A Parsi Family in their Family Room
Artist/maker unknown, Indian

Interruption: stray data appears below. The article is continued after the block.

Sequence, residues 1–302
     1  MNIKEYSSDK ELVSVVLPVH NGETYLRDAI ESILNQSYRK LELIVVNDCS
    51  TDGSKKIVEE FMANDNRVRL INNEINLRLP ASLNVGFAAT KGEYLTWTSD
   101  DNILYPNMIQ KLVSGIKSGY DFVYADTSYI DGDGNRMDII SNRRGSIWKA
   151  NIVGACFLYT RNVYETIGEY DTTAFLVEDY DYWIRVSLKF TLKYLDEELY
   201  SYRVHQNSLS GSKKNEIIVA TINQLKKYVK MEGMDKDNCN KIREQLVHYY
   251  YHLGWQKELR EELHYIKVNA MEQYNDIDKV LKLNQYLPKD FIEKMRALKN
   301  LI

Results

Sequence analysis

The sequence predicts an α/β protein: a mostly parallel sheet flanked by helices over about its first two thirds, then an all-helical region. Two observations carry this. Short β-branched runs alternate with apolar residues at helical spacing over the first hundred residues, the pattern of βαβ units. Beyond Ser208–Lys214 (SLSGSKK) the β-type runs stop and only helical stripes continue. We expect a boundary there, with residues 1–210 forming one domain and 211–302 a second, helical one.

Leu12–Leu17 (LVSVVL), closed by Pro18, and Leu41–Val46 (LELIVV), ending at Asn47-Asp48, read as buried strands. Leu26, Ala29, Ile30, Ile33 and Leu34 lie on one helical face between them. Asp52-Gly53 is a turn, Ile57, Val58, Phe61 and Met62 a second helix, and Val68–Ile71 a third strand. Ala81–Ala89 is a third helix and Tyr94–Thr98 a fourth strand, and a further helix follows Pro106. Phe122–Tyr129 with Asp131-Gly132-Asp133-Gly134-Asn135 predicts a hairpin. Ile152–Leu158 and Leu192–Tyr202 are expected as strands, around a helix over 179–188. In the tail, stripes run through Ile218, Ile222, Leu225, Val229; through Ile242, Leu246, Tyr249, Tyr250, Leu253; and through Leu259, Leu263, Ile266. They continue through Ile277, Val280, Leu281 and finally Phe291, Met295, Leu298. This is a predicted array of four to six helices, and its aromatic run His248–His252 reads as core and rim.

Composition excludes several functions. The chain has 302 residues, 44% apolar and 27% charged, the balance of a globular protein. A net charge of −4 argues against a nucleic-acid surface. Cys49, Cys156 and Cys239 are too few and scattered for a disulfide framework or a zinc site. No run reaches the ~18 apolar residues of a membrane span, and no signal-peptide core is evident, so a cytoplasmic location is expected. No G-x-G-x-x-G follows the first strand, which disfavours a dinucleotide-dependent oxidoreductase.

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Until the advent of photography, portraiture had long been out of reach for all but India’s courtly classes. Photography not only democratized the portrait, it also spurred painters to adapt their skills in new and unusual ways. This depiction of a middle-class family, for example, was produced by layering watercolor on top of a photographic print. The identification of the family as Parsis (Zoroastrians who emigrated from Iran to India as early as the eighth century CE) is conveyed through their clothing and the lion-adorned toran (door-hanging) at left, which clearly draws from ancient Iranian traditions. Also prominently on display are a record player; an elaborate tea set; a board used for carrom, a tabletop game popular in South Asia; and a large, wine-colored rug on which the family is proudly gathered.
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